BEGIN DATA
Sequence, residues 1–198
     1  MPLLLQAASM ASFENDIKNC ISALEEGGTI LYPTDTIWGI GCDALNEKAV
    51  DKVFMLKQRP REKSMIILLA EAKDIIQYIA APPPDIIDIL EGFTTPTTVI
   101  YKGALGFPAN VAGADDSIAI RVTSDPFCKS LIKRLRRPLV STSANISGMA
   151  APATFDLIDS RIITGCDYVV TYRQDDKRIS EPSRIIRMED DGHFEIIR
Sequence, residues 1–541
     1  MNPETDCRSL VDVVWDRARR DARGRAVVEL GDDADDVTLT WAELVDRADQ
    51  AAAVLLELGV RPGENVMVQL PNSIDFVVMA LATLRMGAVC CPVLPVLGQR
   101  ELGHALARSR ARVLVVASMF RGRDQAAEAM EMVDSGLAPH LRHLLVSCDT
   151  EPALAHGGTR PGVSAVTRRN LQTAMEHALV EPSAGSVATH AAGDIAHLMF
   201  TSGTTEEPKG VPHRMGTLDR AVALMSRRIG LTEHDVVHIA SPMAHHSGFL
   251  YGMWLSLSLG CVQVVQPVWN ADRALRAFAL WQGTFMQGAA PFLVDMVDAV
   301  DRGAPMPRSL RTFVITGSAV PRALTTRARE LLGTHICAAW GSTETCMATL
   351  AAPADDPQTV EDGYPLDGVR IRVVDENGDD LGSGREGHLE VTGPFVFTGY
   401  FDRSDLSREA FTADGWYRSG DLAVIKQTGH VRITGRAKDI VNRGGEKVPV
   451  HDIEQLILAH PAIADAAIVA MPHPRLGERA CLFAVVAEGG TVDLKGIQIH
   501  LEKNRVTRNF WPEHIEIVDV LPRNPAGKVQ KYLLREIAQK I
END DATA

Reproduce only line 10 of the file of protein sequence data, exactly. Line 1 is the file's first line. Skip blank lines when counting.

   151  EPALAHGGTR PGVSAVTRRN LQTAMEHALV EPSAGSVATH AAGDIAHLMF